Structure: The Cure for Chaos

Routines and planning are the glue that keeps your ADHD life from falling apart. Six simple tips show you how to embrace structure — and take back control.

This ADHD woman is an expert mutitasker. She's doing 6 things at once.

You won't get it 100 percent right every time. But you'll be better off than you were before.

If you want to live successfully with ADHD, you must add structure to your life. Otherwise you'll go flitting through life forgetting this, neglecting that, and procrastinating on everything else. Structure allows things to flow smoothly and keeps things under control when life hits a bumpy patch.

Last week, during a coaching call, Ann, one of my clients, told me how structure helped her fend off disorganization. Ann came to coaching six months ago. She was distracted, disorganized, and discouraged. ADHD was taking its toll on Ann's business and her personal life.

When I first coached Ann to add structure, such as planning and routines, to her day, she was afraid it would take away her creativity and flexibility. Ann finds that using structure does the opposite. As the details of her life are handled routinely, Ann can devote more time to being creative and growing her business.

If you go about adding structure to your chaotic, disorganized life in the wrong way, you will fail. What's the wrong way? Making it too big, too complicated, or tackling too much at one time. In other words, the typical way ADHD adults do most things -- all or nothing.

If you add structure the easy way, you won't get it 100 percent right every time either. But you'll be better off than you were before.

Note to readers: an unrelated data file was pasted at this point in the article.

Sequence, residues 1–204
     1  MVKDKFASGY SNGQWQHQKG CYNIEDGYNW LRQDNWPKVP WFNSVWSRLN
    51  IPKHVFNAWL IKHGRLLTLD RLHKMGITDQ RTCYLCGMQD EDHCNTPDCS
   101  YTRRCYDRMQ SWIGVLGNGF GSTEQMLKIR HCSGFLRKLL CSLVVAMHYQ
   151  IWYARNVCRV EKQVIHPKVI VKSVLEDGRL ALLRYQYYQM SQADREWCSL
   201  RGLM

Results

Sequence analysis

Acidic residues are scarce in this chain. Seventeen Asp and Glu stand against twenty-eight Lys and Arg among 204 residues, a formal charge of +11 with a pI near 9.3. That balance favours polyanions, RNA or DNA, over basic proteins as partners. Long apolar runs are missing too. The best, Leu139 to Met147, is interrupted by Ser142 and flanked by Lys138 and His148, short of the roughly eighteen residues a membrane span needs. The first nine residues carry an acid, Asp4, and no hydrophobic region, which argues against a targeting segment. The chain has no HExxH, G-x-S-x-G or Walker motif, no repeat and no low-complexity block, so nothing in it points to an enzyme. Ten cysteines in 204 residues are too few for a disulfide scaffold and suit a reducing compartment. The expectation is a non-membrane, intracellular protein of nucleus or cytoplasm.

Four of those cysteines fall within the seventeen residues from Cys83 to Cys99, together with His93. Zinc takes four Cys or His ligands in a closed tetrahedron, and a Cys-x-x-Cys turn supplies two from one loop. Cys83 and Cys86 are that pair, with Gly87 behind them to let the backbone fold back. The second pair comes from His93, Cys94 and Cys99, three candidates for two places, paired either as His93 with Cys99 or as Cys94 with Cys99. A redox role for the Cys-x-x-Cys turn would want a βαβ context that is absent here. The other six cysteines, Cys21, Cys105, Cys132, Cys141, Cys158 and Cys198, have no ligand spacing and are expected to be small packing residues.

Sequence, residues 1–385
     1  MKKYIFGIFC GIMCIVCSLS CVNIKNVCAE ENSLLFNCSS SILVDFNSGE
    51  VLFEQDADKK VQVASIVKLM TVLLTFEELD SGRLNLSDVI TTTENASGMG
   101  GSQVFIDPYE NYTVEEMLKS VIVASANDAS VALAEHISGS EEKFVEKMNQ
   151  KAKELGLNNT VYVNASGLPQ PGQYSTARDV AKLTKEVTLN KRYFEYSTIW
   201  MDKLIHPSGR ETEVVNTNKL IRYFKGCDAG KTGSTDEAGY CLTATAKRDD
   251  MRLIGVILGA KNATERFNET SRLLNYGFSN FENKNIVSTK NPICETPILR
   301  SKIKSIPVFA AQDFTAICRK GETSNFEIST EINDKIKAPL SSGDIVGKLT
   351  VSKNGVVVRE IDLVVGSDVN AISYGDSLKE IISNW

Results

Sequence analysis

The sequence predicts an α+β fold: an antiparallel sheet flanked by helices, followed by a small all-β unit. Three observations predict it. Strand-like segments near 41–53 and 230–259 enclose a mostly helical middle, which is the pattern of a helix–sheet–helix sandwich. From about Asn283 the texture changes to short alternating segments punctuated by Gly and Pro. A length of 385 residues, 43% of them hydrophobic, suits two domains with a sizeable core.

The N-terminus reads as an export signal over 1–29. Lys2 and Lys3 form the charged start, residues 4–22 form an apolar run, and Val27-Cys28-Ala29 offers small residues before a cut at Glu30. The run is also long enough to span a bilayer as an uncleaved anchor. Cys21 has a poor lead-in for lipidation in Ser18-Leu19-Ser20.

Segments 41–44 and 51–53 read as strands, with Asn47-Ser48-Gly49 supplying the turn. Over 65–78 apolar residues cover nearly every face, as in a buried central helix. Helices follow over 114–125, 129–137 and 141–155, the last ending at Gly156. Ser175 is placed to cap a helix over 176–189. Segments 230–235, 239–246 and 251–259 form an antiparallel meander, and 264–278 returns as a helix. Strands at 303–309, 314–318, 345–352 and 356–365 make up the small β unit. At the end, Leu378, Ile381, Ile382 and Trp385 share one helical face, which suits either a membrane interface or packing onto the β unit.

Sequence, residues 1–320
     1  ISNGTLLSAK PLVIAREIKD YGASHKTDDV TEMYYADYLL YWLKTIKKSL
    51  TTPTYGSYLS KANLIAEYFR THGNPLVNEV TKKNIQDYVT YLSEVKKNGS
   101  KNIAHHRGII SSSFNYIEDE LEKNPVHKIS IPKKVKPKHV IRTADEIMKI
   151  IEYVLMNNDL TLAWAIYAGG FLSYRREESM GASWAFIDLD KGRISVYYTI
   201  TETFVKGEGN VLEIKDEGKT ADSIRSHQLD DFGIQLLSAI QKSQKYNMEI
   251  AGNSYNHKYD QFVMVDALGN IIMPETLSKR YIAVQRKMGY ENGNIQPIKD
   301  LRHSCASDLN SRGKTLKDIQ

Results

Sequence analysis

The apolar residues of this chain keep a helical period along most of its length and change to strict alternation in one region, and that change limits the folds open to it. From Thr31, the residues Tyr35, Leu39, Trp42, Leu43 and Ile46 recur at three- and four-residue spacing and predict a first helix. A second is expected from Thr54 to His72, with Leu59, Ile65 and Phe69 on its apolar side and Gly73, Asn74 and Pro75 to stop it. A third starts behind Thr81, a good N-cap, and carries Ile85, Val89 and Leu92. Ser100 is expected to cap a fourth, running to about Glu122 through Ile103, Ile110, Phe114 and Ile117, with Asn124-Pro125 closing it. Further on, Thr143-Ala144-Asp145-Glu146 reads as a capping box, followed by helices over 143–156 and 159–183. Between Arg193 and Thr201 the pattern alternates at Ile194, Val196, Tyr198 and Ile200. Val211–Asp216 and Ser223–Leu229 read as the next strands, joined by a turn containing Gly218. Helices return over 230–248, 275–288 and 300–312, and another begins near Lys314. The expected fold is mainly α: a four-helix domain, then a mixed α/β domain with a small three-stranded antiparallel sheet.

Here's how to do it:

1) First, pick one small thing that, if done regularly, will make your life easier -- making the bed or sorting the mail.

2) Next, figure out an easy way to do it. Avoid the ADHD trap of making things too complicated or too perfect.

3) Decide how often you'll do the task and when you'll do it.

4) Create reminders to keep you on track. This step is important. Avoid it at your own risk.

5) If you have a hard time doing one thing, don't give up. Try a different approach. Often a small adjustment is all you need. For example, one client couldn't seem to do his weekly planning on Friday afternoons as he had intended. We adjusted his schedule, so he'd do it the first thing Friday mornings. He has been able to follow through consistently.

6) When you can do that one thing consistently for two weeks, you're ready to add another small thing.

DANA RAYBURN is a senior ADHD coach and author of the ADD Success newsletter.

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This article appears in the Fall issue of ADDitude.
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